Ask anyone who’s remotely familiar with the game of golf who they believe are the most familiar names in the sport. You’d likely hear such legends as Hogan, Nicklaus, Palmer or Woods. All great choices…all clearly world class golfers.
But let me suggest the name Mulligan. After all, it’s a name invoked daily by scores of golfers across the globe.
Admittedly, there is considerable debate about the origins of the term ’mulligan.’ However, the most widely accepted all focuses on a gentleman named David Mulligan who was a regular at the St. Lambert Country Club in Montreal, Canada during the 1920s. Mr. Mulligan was a well-to-do hotelier in the first half of the century, a part-owner and manager of the upscale Biltmore Hotel in New York City, as well as several large Canadian hotels.
One story about the origin of the term Mulligan recounts it was the result of impulse. One day Mulligan hit a very long drive off the first tee. The problem was the drive went long…in the wrong direction. So, without seeming to think twice about it he re-teed and hit again (legend has it his second drive flew straight and true). His partners found the episode amusing, and decided they’d call this ‘gift’ a “mulligan.”
Another story places Mulligan scheduled to play golf with a group of business associates at St. Lambert Country Club in his hometown of Montreal. The morning of the outing he drove to pick up his golfing party. The road into the club was reportedly extremely bumpy. To make things even more turbulent, the wind was howling and overall weather conditions were poor. Mulligan was said to be very jumpy and shaking from the difficult drive, so his golf partners graciously extended him the opportunity to forget his initial tee shot (which had found its way into a nearby pond) and begin anew, if he so desired. History does not record if he took them up on their gracious offer.
The final story relates to a day when David Mulligan showed up late to the course. Having scrambled to get out of bed to get dressed, he raced to meet his golfing party on time. Apparently he was so frazzled on the first tee that he hit a poor shot. Looking sheepishly at his partners, they agreed to allow Mulligan the opportunity to try and do better by allowing him another tee shot.
Regardless which of these three Mulligan legends is true, they all provide simple, but significant lessons we can apply to our own lives. Namely, that a Mulligan is a gift, a chance to begin anew, an opportunity to try and do better in the future after making an error. Hence, a “Mulligan” is golf’s version of generous forgiveness. And although in friendly play a mulligan is granted to a golfer following an errant shot—in life it’s an act of the will in which we deal graciously with others when we aren’t required, or expected, to do so. In other words, it’s a choice to forgive that extends beyond words into deeds…an undeserved favor we choose to freely giveaway.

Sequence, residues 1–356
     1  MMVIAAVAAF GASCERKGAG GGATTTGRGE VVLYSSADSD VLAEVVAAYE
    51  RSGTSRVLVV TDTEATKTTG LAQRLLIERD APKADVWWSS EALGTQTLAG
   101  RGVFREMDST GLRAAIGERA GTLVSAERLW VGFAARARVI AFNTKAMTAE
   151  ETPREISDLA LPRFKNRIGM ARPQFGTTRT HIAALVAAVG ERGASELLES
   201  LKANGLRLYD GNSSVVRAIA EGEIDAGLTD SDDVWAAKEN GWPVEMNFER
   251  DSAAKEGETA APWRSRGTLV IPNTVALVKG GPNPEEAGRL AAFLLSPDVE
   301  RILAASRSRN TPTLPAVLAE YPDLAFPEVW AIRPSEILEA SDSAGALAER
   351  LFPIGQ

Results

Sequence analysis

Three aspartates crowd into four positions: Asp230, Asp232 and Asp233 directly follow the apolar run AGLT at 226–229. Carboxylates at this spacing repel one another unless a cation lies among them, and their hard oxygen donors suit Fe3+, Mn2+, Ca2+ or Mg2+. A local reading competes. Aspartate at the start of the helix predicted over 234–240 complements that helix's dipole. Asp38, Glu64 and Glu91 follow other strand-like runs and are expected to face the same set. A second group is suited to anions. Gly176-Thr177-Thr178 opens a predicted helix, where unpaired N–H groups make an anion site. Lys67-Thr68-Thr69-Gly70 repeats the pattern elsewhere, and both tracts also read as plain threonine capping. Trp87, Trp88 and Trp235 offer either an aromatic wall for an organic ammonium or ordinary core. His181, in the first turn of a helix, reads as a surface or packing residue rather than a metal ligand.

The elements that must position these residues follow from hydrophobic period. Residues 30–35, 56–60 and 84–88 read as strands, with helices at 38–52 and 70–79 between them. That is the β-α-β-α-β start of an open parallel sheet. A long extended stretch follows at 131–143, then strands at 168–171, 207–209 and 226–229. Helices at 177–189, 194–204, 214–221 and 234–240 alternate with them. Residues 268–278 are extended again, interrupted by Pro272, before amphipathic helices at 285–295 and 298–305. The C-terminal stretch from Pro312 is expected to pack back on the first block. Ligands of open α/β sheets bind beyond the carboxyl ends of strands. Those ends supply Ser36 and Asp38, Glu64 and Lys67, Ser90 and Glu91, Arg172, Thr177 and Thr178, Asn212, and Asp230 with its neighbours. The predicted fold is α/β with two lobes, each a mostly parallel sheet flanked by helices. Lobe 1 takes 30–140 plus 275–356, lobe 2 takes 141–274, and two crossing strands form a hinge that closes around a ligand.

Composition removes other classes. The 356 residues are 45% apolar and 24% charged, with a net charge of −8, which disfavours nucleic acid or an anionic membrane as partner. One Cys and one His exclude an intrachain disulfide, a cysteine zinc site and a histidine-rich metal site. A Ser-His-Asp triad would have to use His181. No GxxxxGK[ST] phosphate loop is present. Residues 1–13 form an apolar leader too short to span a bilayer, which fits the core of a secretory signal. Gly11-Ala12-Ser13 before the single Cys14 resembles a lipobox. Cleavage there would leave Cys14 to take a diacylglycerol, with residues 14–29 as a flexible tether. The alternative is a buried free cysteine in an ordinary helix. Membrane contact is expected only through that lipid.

Forgiveness is something virtually all Americans think is good — 94% surveyed in a nationwide Gallup poll said it was important to forgive. But sadly, it’s not something we frequently choose to offer (in the same survey, only 48% said they usually tried to forgive others).
In the original Greek the word for forgive literally means “to release or let go of.” In simple terms then, forgiveness is to freely choose to let go of your right to hurt the person who hurt you. From such a perspective, extending forgiveness to another is akin to you’re saying, “What the person did to me was wrong. They have hurt me deeply and deserve in some way to pay for their offense. But instead, I am choosing to grant them an unwarranted favor, the gift of forgiveness, thus releasing them of the obligation they have to repay me for their wrongful actions.
To grant instead, the gift of a mulligan.
Each time we witness an act of forgiveness, we are shown its power to heal or to break a seemingly unending cycle of pain. However, medical and psychological studies repeatedly show that forgiveness is not only good for your soul, but good for your body as well. As it turns out, people who practice forgiveness:
- Benefit from better immune functioning and have lower blood pressure;
- Have better mental health than people who don’t forgive;
- Have lower amounts of anger and fewer symptoms of anxiety and depression;
- Maintain more satisfying and longer-lasting relationships.
The truth is, when we allow ourselves to feel like a victim or sit around dreaming up how we might retaliate against someone who hurt us, our negative thoughts take a toll on our minds and bodies and ultimately, on the quality of our lives. But when we choose to exercise a “Mulligan Mentality,” we set into motion a powerful cycle of healing that benefits everyone involved.
How generous are you in granting mulligans? Is there a situation or a person you know who could benefit from your undeserved favor, today?